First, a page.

A 60-year old woman in the Internally Displaced Persons, IDPs, camp in Maiduguri has cried out that the food allocation they receive from government on monthly basis is not enough to sustain them beyond two days.
Rebecca Filigus, mother of nine who fled Gwoza in 2014 told our correspondent that displaced persons relied on hand-outs from the church and Non-Governmental Organizations, NGOs, as food supply from the government was too small.
“Two families share a plate of ground maize and in addition a family gets a plate of raw rice, a cup of beans and a soup spoonful of oil. This is the food the government expects to last us for a month,” Filigus said as others who surrounded her nodded in agreement.
She said that sometimes the church which donated the space to accommodate the IDPs gave them food, adding that they also got assistance from NGOs.
Filigus, however, said that because the donations from the church and NGOs were not frequent or enough, most of them had to find other means of survival.
Filigus whose 12 children have survived the Boko Haram insurgency is living with only four of them and her husband who is a carpenter. She explained that the others are either married or living on their own.
She said they were allowed to go out of the camp to eke out a living but like other IDPs in Maiduguri, there was nothing they could do to earn money.
“We don’t have money to feed, let alone farm. You need money to pay for the farmland, transportation to go to the farm and money to pay labourers. We can’t afford all these,” she said.
To feed her family, Filigus started a business she used to do in Gwoza before the Boko Harm crisis as her husband could not find carpentry work in Maiduguri. She started selling fried beans balls, akara, and buns, though she said that starting the business without money was difficult.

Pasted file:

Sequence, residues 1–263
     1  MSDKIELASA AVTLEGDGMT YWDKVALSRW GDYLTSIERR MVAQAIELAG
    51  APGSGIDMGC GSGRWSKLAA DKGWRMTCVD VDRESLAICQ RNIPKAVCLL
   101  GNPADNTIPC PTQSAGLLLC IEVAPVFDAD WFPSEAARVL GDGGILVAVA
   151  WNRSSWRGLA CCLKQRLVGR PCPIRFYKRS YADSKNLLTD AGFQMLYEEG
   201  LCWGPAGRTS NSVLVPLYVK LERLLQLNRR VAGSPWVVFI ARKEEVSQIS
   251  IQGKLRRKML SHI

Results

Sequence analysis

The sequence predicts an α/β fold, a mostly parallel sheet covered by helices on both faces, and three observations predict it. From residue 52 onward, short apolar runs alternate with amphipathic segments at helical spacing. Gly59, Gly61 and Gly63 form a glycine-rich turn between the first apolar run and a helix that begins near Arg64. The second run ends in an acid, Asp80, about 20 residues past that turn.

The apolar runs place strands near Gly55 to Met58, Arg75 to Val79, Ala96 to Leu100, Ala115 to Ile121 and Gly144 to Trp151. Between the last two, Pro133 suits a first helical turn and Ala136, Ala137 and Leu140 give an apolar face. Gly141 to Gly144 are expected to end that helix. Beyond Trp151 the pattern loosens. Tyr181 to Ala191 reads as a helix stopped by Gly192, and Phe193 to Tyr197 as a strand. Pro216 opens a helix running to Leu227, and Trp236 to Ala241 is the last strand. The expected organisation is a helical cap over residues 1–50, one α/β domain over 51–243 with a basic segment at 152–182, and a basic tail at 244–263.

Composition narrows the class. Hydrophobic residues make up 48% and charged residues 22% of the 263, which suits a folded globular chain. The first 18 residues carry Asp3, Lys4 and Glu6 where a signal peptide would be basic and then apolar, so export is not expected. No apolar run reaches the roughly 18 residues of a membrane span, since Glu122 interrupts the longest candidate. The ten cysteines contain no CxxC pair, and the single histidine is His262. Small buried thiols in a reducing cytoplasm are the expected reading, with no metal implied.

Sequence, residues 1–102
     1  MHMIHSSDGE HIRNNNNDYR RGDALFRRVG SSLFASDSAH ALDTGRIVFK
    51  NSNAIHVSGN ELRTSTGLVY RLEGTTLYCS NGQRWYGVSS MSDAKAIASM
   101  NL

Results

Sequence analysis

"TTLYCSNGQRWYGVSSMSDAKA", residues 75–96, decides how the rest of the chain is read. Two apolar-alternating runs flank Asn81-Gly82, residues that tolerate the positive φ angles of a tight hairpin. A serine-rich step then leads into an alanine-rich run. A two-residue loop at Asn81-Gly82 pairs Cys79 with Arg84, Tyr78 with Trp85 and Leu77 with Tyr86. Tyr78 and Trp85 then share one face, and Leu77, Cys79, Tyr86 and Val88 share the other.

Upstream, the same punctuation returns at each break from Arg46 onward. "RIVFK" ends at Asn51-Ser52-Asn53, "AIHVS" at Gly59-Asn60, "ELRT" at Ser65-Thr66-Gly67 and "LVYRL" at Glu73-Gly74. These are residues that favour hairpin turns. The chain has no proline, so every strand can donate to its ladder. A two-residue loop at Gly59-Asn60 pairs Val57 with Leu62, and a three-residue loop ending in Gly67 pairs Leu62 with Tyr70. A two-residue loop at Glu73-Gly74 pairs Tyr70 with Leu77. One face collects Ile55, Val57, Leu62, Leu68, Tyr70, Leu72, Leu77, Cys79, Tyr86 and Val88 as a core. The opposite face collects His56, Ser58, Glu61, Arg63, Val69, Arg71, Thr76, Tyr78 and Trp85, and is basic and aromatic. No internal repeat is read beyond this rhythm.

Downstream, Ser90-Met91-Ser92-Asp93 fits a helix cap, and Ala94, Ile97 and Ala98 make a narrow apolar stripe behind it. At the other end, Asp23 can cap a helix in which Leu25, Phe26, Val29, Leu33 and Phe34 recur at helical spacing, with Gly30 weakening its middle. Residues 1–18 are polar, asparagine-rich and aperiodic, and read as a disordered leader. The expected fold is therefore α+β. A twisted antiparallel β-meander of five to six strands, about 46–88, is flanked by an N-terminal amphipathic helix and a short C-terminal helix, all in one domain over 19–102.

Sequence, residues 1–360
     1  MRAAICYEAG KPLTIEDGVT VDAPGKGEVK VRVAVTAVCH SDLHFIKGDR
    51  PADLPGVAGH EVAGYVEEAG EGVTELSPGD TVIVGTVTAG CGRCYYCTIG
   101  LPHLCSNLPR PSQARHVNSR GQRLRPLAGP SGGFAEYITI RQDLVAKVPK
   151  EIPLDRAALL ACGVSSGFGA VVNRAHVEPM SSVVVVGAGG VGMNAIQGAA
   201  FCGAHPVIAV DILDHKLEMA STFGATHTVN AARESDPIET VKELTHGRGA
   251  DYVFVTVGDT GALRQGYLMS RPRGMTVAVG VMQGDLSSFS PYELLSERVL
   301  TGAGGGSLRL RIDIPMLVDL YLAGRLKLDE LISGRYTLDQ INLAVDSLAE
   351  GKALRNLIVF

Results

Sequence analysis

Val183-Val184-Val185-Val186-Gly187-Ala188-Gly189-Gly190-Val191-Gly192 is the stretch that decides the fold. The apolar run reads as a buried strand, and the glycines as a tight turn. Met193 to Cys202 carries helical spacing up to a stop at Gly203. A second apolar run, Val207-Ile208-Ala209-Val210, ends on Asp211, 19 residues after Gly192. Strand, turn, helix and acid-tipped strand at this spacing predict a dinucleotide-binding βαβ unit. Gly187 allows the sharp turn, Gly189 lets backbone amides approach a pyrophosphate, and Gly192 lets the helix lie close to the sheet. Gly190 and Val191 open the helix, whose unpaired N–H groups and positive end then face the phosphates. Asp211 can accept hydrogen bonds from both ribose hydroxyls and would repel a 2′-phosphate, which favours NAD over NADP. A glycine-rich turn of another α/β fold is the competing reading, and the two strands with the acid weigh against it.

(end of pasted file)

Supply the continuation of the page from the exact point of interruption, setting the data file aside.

She explained that “I decided to collect the items I need – beans, flour and vegetable oil – on credit and pay after selling the beans balls and buns. I usually collect 10 plates of beans. A plate of good beans costs N600 while the insect-infested one costs N500. I collect 15 litres of vegetable oil at N7,000 and a plate of flour for N600.”
Filigus said that she incurred a debt of N15,000 as the business was not thriving. She sold the akara and buns within the camp and most of her customers who were mainly IDPs did not have money to make any purchase.
According to her, the business is not profitable but she is not thinking of quitting as her family still depends on her.
She sold the akara for N10 but there were days she could not sell all that she produced and had to sell the leftover at giveaway prices to the IDPS.
“Sometimes if I’m lucky, I make N1,500 in a day while sometimes I make N700. This is not much but I don’t have a choice. I have to make sure that the people who give me the items on credit get their money,” she said.
Meanwhile, Filigus was eager to return to Gwoza if it becomes safe for civilians.
She said: “Why wouldn’t I go back? I am not happy being here. I want to be able to farm and live a normal life like before instead of struggling to look for what to eat and not knowing where the next meal comes from.”